The school librarian recommended this book to my fifth grade son. I can see why. After browsing the internet, I see this book and its follow up, Al Capone Shines My Shoes, both by Gennifer Choldenko, on recommended lists for boys who don’t like adventure stories.
Not that there isn’t adventure in this book. Young “Moose” Flanagan braves breaching a fence of the yard in a maximum security prison to look for a baseball. That takes guts.
The heart of the story is the relationship between Moose and his autistic sister, Natalie. The meat of the story is the setting. They live on
in 1935, when the renowned criminal Al Capone is in residence. Alcatraz Island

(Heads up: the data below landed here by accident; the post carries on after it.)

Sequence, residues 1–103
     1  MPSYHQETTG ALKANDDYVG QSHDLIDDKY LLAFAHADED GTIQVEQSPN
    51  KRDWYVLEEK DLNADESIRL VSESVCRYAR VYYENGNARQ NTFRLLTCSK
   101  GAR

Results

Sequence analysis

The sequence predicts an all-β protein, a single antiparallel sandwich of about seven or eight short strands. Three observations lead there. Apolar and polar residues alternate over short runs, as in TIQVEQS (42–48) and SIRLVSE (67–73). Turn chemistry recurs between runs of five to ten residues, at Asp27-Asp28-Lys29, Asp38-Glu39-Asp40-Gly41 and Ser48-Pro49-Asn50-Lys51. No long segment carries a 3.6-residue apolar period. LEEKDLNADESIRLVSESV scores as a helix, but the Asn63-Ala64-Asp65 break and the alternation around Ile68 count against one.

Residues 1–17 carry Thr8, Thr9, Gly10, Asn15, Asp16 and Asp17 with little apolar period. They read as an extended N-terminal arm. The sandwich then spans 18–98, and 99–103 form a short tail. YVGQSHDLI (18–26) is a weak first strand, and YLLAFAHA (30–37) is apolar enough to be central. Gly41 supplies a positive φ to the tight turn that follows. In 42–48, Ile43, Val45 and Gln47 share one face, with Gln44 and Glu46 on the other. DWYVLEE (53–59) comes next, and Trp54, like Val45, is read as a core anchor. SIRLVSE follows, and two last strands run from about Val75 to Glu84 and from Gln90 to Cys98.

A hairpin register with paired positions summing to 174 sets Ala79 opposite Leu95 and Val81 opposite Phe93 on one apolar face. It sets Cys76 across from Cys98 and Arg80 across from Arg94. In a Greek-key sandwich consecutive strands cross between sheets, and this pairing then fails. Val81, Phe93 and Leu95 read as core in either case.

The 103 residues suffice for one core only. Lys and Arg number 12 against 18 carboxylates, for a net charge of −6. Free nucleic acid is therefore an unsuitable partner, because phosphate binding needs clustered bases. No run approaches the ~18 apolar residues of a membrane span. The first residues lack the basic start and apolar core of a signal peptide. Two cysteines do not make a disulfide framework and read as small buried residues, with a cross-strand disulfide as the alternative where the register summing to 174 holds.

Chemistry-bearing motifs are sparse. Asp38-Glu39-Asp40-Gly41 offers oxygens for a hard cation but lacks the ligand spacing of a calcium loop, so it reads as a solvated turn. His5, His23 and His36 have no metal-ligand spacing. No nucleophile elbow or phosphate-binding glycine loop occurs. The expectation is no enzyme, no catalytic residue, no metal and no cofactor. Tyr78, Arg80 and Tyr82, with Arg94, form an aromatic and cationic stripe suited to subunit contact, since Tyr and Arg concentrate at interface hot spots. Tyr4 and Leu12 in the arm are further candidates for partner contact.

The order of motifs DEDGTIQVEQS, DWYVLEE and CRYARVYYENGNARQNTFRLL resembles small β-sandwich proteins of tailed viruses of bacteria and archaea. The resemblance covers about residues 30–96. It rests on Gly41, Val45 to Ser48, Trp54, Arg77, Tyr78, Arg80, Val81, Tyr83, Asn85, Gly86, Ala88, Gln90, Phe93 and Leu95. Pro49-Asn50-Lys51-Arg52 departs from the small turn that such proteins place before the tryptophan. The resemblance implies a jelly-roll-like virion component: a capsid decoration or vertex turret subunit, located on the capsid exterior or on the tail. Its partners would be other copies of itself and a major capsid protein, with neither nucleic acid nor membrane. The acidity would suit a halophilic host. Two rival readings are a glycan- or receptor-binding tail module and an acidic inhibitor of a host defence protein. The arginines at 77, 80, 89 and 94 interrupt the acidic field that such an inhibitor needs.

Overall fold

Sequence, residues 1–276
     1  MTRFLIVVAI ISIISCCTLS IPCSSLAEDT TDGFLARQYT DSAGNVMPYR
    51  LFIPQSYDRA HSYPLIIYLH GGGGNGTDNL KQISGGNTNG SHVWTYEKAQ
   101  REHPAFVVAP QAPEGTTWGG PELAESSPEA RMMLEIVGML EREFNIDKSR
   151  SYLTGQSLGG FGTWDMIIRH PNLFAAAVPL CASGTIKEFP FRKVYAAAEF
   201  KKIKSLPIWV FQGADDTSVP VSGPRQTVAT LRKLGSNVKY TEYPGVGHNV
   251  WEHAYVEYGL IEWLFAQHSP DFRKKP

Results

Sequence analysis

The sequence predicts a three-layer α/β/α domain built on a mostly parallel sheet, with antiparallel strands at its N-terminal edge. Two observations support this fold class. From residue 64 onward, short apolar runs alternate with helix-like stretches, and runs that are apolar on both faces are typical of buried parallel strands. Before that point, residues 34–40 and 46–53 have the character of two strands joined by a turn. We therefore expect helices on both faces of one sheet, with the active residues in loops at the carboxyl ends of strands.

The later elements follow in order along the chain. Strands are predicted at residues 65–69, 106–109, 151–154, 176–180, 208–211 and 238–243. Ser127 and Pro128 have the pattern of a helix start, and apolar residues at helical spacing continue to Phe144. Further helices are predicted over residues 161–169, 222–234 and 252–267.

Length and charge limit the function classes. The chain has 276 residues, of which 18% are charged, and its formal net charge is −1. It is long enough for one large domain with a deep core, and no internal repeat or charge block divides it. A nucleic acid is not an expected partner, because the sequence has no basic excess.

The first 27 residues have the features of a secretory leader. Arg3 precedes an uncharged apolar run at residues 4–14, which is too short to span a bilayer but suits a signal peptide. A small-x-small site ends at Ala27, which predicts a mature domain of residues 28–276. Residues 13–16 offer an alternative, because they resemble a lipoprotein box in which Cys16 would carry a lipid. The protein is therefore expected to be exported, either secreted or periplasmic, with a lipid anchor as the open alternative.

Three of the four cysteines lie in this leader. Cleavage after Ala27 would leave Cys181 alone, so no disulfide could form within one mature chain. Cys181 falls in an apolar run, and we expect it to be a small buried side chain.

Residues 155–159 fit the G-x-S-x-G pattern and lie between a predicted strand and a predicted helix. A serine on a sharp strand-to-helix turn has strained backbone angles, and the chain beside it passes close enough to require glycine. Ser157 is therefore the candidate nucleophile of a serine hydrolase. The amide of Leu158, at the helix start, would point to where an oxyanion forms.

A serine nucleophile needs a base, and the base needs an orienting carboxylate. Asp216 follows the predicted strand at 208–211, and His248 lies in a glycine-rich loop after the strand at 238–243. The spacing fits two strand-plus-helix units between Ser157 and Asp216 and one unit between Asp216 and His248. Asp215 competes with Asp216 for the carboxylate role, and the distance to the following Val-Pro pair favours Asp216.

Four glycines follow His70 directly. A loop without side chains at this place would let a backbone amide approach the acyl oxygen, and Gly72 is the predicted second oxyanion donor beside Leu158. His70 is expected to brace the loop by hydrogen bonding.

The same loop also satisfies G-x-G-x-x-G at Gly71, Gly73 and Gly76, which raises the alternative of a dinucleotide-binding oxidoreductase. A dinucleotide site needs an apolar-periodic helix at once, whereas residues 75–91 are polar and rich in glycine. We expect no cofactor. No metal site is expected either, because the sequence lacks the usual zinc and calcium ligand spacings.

Moose is like most kids I know, or maybe he is just like my kids. He loves his independence and begrudgingly takes on responsibility, which he takes seriously. Yet he is still a kid and drawn into the plots of the cute warden’s daughter and the appeal of the infamous.
Al Capone does not actually appear in the book, but makes a significant impact nonetheless, in a very powerful Al Capone way.